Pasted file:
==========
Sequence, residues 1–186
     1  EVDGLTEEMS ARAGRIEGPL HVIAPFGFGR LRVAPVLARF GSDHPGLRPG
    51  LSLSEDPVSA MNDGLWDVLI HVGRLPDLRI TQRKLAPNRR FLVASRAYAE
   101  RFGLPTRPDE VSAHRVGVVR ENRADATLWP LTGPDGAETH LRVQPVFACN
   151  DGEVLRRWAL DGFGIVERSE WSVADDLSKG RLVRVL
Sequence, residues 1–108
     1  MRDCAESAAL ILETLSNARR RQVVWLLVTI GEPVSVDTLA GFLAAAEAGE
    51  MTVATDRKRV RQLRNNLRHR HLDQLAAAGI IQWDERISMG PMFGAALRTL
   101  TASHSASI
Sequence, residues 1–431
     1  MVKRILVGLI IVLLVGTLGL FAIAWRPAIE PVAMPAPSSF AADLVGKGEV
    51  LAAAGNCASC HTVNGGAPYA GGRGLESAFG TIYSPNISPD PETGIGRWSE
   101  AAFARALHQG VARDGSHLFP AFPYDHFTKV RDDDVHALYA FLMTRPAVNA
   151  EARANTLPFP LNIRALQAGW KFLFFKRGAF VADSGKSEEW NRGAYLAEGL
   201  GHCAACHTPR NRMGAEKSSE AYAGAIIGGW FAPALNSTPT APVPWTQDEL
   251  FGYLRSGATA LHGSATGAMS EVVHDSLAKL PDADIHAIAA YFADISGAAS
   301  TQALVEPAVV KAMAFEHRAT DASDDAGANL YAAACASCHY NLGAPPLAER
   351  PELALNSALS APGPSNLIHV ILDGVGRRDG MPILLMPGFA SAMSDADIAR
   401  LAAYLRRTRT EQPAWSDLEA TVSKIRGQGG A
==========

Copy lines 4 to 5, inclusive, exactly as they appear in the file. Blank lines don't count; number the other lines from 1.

   101  RFGLPTRPDE VSAHRVGVVR ENRADATLWP LTGPDGAETH LRVQPVFACN
   151  DGEVLRRWAL DGFGIVERSE WSVADDLSKG RLVRVL